Wealth Transfer in 2020
The SECURE Act of 2020 has changed the rules regarding wealth transfer and wealthier families need to examine those rules and most likely make some changes in how they plan to pass money to children and grandchildren. In this article, we’ll discuss “stretch IRA” provisions, Roth IRAs, Roth Conversions, and how the rules have changed.
The Old Days
The SECURE Act of 2020 changed a few rules and one important one was inherited IRAs. In the old days (2019), a person would often add children, grandchildren, or even great grandchildren as beneficiaries to his or her IRA. Would the beneficiary have to take RMDs? Yes, but the RMD for a 20 year old is very small and could last for 60 years or more. This is where the terminology “stretch IRA” came from.
For example, let’s take Jane, a hypothetical 80 year old who started, built, and eventually sold her own business. She grew her 401k over the years to $3mm and it has been rolled into an IRA Rollover from which she is taking her RMDs. She owns three homes free and clear, has an investment account totalling over $5mm, and has no spouse. Jane will leave her homes and investment accounts to her two children, and would like to split the IRA account evenly 3 ways to each of her 3 grandchildren who are 22, 24, and 26 years old respectively.
If Jane had passed in 2019, the 22 year old would inherit $1mm and her RMD would be $16,367 (1.64% of the account value). The 24 year old’s RMD would be $16,920 (1.7% of the account value) and the 26 year old’s would be $17,483 (1.75% of the account value). Even at the age of 50, the 26 year old’s RMD would be only 3% of the IRA’s value. In other words, this money, with average market returns of 7% or so, would last a very, very long time and the withdrawals would add only negligible taxes to the inheritor’s tax bill.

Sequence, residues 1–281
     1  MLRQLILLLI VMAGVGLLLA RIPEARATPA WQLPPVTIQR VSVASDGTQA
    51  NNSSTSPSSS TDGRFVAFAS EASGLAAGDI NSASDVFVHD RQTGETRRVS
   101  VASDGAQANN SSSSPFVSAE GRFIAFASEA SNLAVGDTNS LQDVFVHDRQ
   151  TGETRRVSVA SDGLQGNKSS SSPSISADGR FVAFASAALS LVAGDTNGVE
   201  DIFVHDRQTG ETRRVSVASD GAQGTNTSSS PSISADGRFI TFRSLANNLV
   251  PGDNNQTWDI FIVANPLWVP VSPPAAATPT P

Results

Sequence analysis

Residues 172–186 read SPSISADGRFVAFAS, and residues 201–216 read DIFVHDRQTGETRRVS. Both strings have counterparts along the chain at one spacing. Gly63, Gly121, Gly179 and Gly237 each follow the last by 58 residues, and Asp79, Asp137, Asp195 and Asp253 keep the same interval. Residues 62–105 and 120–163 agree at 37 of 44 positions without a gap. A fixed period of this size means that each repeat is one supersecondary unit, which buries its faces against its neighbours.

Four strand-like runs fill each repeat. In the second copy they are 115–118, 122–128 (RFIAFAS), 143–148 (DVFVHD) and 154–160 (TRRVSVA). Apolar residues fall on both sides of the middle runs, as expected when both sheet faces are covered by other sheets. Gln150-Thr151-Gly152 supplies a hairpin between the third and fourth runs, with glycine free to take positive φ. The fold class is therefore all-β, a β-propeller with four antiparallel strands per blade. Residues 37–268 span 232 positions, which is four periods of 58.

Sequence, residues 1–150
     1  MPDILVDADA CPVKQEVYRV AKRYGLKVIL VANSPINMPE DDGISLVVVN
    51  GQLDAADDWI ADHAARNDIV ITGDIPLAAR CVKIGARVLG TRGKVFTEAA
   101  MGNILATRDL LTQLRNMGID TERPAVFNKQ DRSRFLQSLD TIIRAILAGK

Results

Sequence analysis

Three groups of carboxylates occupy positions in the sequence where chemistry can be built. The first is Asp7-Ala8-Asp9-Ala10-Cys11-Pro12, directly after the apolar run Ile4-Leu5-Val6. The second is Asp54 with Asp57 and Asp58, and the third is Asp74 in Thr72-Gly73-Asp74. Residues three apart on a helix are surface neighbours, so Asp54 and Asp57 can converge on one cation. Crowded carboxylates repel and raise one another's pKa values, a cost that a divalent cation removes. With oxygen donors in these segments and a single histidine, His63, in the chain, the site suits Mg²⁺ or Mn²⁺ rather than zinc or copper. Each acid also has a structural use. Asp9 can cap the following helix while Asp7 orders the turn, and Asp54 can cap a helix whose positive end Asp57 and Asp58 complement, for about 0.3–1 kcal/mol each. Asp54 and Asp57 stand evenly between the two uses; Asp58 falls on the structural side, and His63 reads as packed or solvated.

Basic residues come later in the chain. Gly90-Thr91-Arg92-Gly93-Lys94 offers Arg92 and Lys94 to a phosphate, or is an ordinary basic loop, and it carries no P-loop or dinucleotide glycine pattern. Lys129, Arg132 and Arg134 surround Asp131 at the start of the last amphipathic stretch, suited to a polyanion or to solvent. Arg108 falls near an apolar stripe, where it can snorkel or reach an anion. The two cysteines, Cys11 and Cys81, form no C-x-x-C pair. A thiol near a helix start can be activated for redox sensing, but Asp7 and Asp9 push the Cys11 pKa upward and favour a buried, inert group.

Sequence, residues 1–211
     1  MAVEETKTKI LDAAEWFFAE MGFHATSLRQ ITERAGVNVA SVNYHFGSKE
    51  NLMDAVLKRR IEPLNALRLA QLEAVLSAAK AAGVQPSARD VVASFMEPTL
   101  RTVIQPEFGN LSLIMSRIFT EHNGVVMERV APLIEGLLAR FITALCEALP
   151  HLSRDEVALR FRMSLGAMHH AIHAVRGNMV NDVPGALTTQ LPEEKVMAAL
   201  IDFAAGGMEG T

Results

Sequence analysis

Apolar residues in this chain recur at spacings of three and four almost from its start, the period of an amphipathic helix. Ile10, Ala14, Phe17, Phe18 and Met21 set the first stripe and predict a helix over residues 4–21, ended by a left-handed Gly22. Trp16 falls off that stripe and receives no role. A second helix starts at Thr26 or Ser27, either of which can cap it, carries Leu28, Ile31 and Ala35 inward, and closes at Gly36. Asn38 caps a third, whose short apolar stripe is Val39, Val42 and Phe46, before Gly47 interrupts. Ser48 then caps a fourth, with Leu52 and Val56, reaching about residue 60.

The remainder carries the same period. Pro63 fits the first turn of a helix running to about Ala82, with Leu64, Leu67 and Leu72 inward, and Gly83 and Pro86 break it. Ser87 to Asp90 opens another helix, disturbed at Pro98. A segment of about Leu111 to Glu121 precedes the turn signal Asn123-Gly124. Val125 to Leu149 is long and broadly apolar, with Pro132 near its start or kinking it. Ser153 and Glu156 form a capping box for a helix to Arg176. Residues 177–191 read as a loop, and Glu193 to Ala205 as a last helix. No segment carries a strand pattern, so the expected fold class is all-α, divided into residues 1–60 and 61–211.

The SECURE Act: 2020 and Beyond
Using our same example with Jane, let’s say she passes in 2020 rather than 2019. Her grandchildren each inherit the same amount of IRA assets of $1mm. The good news? There are no RMDs. The bad news? The inherited IRA accounts need to be completely empty within 10 years…..emptied in whatever fashion the beneficiary deems best as long as all assets are taken by the 10th year.
This accelerated withdrawal rule will significantly raise the tax bracket of most beneficiaries. Even if our hypothetical 22 year old beneficiary lets the account grow every year at 6% and then empties the accumulated ($1,791,000) amount in the 10th year, Federal taxes would likely be in excess of $700,000. What if our beneficiary is doing very well at work and really doesn’t want the money? It doesn’t matter. The entire amount must be withdrawn by the 10th year.
One Solution for the New Rules
Most estate planners now recommend that IRA owners take a hard look at Roth Conversions: Moving assets from an IRA into a Roth IRA. In our above example, perhaps Jane decides to take $100,000 this year from her Traditional IRA and move it to a Roth IRA. Jane would pay taxes on that money, but the money would go into a Roth IRA and the young beneficiaries would not face the same tax consequences upon withdrawal that they would with the Traditional IRA. Roth IRAs are subject to the same 10 year withdrawal policy that Traditional IRAs face, but the money is not taxable upon withdrawal. The withdrawals by the beneficiaries of those Roth IRAs would be tax free.
There are many variables that one needs to take into account when considering this: What is Jane’s tax bracket compared to the beneficiary’s tax bracket? Perhaps Jane’s granddaughter does well and is making over $400k a year and is in a higher tax bracket than Jane. In that case, perhaps it makes sense for Jane to take the tax hit rather than her granddaughter. Perhaps another one of the grandchildren struggles a bit and makes $50,000 a year. In that case, perhaps that grandchild’s inheritance should remain in a traditional IRA because the tax bracket for that child is relatively low.
One Last Recommendation
Talk to your investment managers about SECURE Act 2020. Perhaps it makes sense to split an IRA into 2 different accounts…..one Roth IRA and one Traditional IRA. Perhaps the beneficiary designations should be made with the beneficiary’s tax bracket in mind. With a little forethought, not only can one help ensure that money gets to beneficiaries one desires, but that the money gets there in the most tax efficient manner possible.
Keep your questions coming, we look forward to helping you make (and save) money.